Clinical course of COVID‐19 in Pregnancy
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The published literature to date indicates that pregnant women may be more vulnerable to COVID-19. The disease may be associated with an increased risk of premature rupture of membranes, preterm delivery, fetal tachycardia, and fetal distress. Lymphocytopenia and elevated C-reactive protein (CRP) levels were observed in the majority of the COVID-19 pregnant women. A recently published systematic review suggested that there is a higher risk of severe maternal morbidity and perinatal death associated with COVID-19 infection, although maternal-fetal transmission was not detected. The aim of this study is to report clinical experience in the management of pregnant women infected with Severe Acute Respiratory Syndrome Coronavirus 2 during the first thirty days of the Coronavirus disease pandemic.

A total of 60 pregnant women were diagnosed with COVID‐19. The most common symptoms were fever and cough (75.5%, each) followed by dyspnea. Forty‐one patients required hospital admission of whom 21 patients underwent pharmacological treatment, including hydroxychloroquine, antivirals, antibiotics and tocilizumab. Lymphopenia (50%), thrombocytopenia (25%), and elevated C‐reactive protein (CRP) (59%) were observed in the early stages of the disease. Median CRP, D‐dimer and the neutrophil/lymphocyte ratio were elevated. High CRP and D‐dimer levels were the parameters most frequently associated with severe pneumonia. The Neutrophil/lymphocyte ratio was found to be the most sensitive marker for disease improvement. During the study period, 18 of the women delivered vaginally. All newborns tested negative for SARS‐CoV‐2 and none of them were infected during breastfeeding. No SARS‐CoV‐2 was detected in placental tissue.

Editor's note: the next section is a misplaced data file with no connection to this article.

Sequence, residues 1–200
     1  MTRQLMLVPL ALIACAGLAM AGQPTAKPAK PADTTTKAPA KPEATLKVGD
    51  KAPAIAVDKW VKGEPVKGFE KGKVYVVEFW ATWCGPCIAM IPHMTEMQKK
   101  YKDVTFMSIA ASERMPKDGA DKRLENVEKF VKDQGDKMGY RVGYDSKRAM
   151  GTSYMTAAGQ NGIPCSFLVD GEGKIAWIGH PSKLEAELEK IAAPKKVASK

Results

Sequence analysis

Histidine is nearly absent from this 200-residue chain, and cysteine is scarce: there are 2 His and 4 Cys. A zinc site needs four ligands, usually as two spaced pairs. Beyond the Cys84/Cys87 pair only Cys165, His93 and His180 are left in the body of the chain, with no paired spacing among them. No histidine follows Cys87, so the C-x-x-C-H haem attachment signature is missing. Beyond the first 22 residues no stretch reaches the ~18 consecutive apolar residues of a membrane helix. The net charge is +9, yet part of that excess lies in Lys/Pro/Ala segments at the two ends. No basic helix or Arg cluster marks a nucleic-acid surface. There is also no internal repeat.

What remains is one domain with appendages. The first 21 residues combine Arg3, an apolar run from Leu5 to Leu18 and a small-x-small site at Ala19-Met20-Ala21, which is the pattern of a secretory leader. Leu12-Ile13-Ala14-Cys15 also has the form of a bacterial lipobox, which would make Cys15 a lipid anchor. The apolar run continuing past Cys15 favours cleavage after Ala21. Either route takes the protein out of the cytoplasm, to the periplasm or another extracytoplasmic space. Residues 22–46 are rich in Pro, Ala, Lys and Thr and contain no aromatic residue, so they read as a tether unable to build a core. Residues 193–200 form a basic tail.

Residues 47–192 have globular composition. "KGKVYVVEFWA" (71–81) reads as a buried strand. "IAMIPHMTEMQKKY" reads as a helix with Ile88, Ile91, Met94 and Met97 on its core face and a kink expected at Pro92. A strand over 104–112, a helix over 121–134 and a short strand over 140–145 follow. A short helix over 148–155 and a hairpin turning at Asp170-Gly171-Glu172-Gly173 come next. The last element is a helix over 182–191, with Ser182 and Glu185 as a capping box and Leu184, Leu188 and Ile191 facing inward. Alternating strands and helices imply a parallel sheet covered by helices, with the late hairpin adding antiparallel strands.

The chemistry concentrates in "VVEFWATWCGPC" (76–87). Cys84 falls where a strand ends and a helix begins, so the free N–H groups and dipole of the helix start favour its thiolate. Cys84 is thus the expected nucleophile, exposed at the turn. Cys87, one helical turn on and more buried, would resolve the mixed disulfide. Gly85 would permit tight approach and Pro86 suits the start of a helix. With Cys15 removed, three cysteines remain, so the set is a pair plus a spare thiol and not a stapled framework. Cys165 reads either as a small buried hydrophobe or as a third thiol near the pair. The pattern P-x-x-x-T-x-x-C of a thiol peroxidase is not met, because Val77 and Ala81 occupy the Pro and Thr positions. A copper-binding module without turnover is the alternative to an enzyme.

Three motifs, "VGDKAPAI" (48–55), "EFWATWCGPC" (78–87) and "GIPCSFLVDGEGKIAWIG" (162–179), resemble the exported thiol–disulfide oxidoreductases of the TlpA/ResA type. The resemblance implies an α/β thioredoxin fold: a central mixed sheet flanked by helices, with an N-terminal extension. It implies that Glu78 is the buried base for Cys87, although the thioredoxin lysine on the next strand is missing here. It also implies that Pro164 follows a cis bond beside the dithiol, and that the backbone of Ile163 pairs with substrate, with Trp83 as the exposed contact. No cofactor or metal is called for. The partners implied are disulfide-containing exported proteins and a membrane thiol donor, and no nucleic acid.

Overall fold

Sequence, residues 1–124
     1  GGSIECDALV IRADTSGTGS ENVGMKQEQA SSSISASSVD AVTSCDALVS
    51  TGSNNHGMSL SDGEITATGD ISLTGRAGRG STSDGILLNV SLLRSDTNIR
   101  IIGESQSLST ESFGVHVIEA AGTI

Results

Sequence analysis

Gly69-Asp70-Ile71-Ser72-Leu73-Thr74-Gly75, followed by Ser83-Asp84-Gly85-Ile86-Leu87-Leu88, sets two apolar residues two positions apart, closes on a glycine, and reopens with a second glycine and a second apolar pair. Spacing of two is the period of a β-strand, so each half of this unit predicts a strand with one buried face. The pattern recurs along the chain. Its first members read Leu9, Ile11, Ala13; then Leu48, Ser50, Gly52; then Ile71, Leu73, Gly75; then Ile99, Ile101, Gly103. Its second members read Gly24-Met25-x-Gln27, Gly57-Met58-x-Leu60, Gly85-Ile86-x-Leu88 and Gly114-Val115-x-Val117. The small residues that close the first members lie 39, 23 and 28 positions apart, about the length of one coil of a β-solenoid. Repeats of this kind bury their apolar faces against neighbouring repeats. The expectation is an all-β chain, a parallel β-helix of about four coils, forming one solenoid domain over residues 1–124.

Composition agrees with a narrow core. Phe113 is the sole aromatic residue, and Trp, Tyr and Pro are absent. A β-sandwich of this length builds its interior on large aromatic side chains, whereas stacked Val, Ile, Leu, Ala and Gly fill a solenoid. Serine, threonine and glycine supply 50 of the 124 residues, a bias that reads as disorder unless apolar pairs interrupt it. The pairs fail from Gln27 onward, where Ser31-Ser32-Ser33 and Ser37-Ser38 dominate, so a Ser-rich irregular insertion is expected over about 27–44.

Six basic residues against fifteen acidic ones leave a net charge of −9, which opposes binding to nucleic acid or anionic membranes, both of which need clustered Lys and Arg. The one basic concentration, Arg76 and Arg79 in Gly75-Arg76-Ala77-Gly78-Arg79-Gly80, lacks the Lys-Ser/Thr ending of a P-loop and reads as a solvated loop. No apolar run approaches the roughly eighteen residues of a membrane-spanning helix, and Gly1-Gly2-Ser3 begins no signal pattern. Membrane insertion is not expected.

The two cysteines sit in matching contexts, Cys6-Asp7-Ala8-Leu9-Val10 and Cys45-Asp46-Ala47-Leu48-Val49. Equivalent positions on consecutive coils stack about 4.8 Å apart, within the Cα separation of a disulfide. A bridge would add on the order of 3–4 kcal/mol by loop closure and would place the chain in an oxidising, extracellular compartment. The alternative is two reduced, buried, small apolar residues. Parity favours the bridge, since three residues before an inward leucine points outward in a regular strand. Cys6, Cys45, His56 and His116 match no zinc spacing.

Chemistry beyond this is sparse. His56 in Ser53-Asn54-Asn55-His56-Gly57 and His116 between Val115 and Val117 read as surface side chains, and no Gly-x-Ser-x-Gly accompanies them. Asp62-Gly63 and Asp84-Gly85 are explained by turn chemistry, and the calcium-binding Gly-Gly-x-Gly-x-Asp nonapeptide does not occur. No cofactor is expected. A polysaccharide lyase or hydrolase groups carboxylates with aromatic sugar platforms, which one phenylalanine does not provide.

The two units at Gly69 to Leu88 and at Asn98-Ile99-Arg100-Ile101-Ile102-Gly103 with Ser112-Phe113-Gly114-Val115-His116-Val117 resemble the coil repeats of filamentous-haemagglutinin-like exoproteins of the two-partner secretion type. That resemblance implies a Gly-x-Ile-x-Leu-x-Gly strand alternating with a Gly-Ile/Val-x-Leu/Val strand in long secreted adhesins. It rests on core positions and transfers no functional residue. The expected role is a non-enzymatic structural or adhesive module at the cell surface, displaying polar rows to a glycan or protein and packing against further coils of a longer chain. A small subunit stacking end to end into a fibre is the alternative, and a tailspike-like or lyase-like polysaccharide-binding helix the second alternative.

Most of the pregnant COVID‐19 positive patients had a favorable clinical course. However, one‐third of them developed pneumonia, of whom 5% presented a critical clinical status. CRP and D‐dimer levels positively correlated with severe pneumonia and the neutrophil/lymphocyte ratio decreased as the patients improved clinically. Seventy‐eight percent of patients had a vaginal delivery. No vertical or horizontal transmissions were diagnosed in the neonates during labor or breastfeeding.

Source:https://obgyn.onlinelibrary.wiley.com/doi/abs/10.1111/aogs.13921
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